Success Story

January 30, 2018

“The meat in the sandwich”—scale-like calcite matrices that could help affix biological tissues to medical implants developed by a UChicago team led by a CBC awardee, Bozhi Tian.

Congratulations to a 2014 CBC Postdoctoral Research Award recipient, Yucai Wang, who is the second and a corresponding author on a recent publication in Nature Communications: “3D calcite heterostructures for dynamic and deformable mineralized matrices.” Wang, currently a full professor at the University of Science and Technology of China, contributed to the published work during his postdoctoral studies in Bozhi Tian’s group at the Department of Chemistry, UChicago. Tian, the senior author on the paper, studies interactions between hard and soft materials at the molecular level, with a goal of utilizing them in applications in regenerative medicine.

Tiny scales could serve as safe material in implants to reinforce bones and joints

UChicago News   |   by Louise Lerner   |   January 25, 2018

A scanning electron microscope picture shows the artificial “scales,” about a dozen of which could fit across the period at the end of a sentence.
Photo by Tian lab/University of Chicago.

Scales are the material of choice for animals from pangolins to fish: They’re customizable, water-friendly, strong but flexible, and easy to fix when damaged.

Scientists would like to recreate this unique structure—they can imagine uses from medical implants to flexible electronics—but it’s proved difficult using non-organic materials. But researchers with the University of Chicago have published a concept to use a naturally occurring mineral called calcite to “grow” scales that can attach to soft materials. The setup could one day serve as waterproof implants to reinforce bones or joints.

Currently surgeons use structures made out of synthetic polymers, but while they’re easy to sculpt, they can degrade over time. For a replacement, the UChicago team instead started with two materials that are compatible with the body.

Bozhi Tian, UChicago

Bozhi Tian, UChicago

Silicone is a flexible, rubbery material often used in surgical implants because it doesn’t react with human tissue. Calcite is a common hard mineral that many clams and oysters use in their shells (brittlestars, related to starfish, use calcite in their eyes, as did ancient trilobites). Luckily, one of the specialties of Asst. Prof. Bozhi Tian’s chemistry lab is combining hard and soft materials at the molecular level.

silicone skin

An illustration shows how the “dumbbells,” (in grey) hook into the layer of blue silicone on one end and grow into the layer of skin on top, which fixes the implant in place.
Illustration by Tian lab/University of Chicago

In a paper published last fall in Nature Communications, Tian and collaborators designed a system of minuscule two-ended hooks, made out of calcite, that can “grow” from silicone into tissue to fix themselves into place.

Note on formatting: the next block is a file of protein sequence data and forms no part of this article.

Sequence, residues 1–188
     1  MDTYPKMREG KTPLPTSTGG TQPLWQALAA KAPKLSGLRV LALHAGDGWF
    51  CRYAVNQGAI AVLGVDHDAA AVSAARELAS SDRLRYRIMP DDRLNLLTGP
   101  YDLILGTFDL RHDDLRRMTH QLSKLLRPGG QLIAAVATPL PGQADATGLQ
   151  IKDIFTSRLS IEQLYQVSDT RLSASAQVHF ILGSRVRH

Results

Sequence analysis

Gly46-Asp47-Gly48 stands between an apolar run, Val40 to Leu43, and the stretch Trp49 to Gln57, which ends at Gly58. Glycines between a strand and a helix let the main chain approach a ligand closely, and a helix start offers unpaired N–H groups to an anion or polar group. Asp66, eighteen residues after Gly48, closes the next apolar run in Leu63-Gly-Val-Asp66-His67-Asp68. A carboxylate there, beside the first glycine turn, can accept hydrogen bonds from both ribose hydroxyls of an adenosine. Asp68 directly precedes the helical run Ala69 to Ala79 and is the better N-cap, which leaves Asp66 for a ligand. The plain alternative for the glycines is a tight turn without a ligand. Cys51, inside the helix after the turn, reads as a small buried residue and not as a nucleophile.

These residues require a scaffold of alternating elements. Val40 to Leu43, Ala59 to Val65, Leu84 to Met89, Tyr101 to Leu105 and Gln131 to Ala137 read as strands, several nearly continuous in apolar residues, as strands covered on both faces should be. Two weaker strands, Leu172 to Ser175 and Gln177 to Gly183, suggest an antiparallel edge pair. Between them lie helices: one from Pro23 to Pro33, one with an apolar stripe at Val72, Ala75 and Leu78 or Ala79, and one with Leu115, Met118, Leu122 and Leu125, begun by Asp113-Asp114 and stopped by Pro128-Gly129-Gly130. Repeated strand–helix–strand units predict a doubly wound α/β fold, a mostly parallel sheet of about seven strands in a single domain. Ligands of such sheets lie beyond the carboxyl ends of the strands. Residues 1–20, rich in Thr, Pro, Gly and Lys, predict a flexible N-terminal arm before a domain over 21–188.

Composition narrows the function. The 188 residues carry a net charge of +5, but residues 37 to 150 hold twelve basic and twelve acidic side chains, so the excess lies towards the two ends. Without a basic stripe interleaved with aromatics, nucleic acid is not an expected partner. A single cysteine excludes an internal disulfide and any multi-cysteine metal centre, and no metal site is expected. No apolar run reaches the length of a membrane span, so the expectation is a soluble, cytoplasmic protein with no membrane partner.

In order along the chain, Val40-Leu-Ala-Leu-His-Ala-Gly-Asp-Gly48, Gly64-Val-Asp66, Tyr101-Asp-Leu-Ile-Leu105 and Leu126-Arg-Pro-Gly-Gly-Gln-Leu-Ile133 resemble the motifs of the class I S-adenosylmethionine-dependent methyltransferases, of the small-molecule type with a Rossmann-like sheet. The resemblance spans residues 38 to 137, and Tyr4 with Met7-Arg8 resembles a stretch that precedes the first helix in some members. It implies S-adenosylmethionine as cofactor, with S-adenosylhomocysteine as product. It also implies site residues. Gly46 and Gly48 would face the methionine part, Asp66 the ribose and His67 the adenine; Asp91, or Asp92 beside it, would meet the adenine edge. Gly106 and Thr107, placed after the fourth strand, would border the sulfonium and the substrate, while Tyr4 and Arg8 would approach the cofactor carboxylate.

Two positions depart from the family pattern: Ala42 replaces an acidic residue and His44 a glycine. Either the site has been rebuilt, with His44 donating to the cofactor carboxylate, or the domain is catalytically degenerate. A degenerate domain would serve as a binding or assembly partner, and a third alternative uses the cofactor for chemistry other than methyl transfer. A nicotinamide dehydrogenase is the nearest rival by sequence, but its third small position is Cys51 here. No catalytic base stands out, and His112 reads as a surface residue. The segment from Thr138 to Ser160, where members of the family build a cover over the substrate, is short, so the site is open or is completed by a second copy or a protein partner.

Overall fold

“Silicone alone won’t immobilize tissue components, and calcite alone is too stiff, but the combination of the two works very well,” Tian said. “The result is a structure that is both strong and flexible.”

The tiny structures, each about the size of a red blood cell, are shaped like dumbbells. One end hooks into the silicone; the other protrudes above the surface. The team tried laying a strip of lab-grown tissue on top. The dumbbells picked up calcium from the cells and grew into the tissue, affixing themselves in place.

One nice feature is that the implant could be crafted with “hooks” only in very specific places. “This method is particularly useful for biological adhesion, where you want to apply your glue very sparingly to avoid interfering in the body more than necessary,” said Jaeseok Yi, a postdoctoral scholar and the first author of this paper.

The research used X-rays and facilities at the Advanced Photon Source and the Center for Nanoscale Materials at Argonne National Laboratory.

Other UChicago co-authors were Yuanwen Jiang and Ivo Peters. Other authors came from Argonne, the University of Science and Technology of China (Yucai Wang), the University of Southampton in the UK and Hanyang University in South Korea.


Adapted (with modifications) from UChicago News, by Louise Lerner, posted on January 25, 2018.

See also:

Publication attributed to the CBC Postdoctoral Research (PDR) Award (2014):

Yi J, Wang Y, Jiang Y, Jung IW, Liu W, De Andrade V, Xu R, Parameswaran R, Peters IR, Divan R, Xiao X, Sun T, Lee Y, Park WI, Tian B. 3D calcite heterostructures for dynamic and deformable mineralized matrices. Nat Commun. 2017 Sep 11;8(1):509. (PubMed)

CBC Awards:

CBC Postdoctoral Research Award(2014):
Yucai Wang (currently at the University of Science and Technology of China; at UChicago at the time of the award) and Bozhi Tian (UChicago) for the project:
▸ A Synthetic Biomineral Integrated with Silicon Nanowires